I do not think that the lunch table is the appropriate time for us to make students socialize with each other. Inevitably someone will end up getting upset and the difficulties will end up in the classroom after lunch. I do think that they need to show respect towards each other and not be rude, but the lunch time is a time to enjoy your lunch and converse with people that you choose to converse with. In my experiences in observation, the kids do all interact with each other at lunch but some like to sit next to their friends and in every school that I have observed I found eating with the class was a great treat and the students loved it!!! Jnewh001 (talk) 15:30, 12 July 2009 (UTC)

As educators, we have attempted to combine all races, ethnicities, and economic backgrounds in our classrooms. As for who each child chooses to sit with or play with is not our place. They should be where they are most comfortable, and as studies would suggest it's obvious people tend to gravitate toward people just like themselves. It's not our place to over analyze of over speculate, if it's not causing problems than leave it. We can choose to educate our students on differences among people, but beyond that it's up to them to accept or deny who they want to be with. Rpaige (talk) 17:50, 12 July 2009 (UTC)

Self segregation is very common. In high school especially, students wish to fit in and feel that they belong. The most obvious way for them to accomplish that task is to surround themselves with people who are visibly similar to themselves. This is not necessarily a negative thing, however as educators, it is our job to show kids the other things they have in common with each other that are more than just skin deep. A teacher can help students understand more about themselves and thus other through learning and so become interlinked to the diverse student body around them.Scrai010 (talk) 23:49, 12 July 2009 (UTC)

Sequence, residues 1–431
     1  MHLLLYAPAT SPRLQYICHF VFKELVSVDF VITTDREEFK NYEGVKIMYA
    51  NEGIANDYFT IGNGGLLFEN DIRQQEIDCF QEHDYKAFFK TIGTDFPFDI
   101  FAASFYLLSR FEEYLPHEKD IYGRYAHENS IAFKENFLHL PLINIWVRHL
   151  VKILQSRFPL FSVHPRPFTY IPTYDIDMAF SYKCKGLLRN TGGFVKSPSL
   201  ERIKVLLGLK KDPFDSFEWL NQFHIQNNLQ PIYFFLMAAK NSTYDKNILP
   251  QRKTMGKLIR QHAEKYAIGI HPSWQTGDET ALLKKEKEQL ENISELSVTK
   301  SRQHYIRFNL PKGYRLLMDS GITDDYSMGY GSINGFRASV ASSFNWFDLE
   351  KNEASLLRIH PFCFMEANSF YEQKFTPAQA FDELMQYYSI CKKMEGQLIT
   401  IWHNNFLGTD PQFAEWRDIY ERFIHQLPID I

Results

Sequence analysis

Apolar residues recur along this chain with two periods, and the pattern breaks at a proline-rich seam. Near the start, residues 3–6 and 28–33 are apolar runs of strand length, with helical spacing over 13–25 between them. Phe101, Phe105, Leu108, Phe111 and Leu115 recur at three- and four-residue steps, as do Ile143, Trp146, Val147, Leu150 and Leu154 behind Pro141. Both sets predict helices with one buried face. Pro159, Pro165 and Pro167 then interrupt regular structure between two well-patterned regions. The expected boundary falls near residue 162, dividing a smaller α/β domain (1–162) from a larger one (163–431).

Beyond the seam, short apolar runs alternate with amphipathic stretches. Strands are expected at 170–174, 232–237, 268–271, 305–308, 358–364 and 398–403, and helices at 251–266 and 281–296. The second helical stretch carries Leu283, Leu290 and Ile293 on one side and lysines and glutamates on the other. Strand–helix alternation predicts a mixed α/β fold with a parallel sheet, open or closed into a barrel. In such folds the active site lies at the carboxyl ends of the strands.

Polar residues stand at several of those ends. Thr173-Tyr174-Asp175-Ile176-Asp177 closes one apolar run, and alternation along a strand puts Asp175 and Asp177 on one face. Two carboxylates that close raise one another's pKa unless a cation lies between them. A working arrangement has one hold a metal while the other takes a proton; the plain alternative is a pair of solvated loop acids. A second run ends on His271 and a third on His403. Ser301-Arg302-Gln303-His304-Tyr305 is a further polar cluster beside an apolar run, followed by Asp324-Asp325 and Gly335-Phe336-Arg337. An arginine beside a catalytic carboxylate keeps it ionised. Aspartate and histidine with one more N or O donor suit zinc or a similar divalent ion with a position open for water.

I think this is merely a habit of human beings. We’re all the heroes of our own sagas and this effects us all as people. Essentially, we identify with those we perceive to be like us, or want to be like. It is unrealistic to assume that students would go against this basic instinct and mingle amongst every group evenly. It’s just not what we do. Sure, there are those few chance relationships and friendships that blossom amongst people who are totally and completely different, but these usually require a level of maturity and open-mindedness, and not to mention luck, to truly be successful. All of these things are rare even in adults and to expect such behavior of students just seems unrealistic. Of course we as educators should do our best to improve our students as people, hopefully making them more tolerant, understanding, and more interesting by inspiring them to interact with those outside their particular social circle. The best approach to this to me seems to be merely educating them and highlighting the awesomeness of various social and ethnic groups. For example get the nerds to teach the jocks about videogames while the jocks teach the nerds about un-hooking bras and pumping iron to look pretty. Such incentives could, feasibly, inspire students to seek out knowledge from different tribes within the school and hopefully as adults, within the world. BitterAsianMan (talk) 04:31, 13 July 2009 (UTC)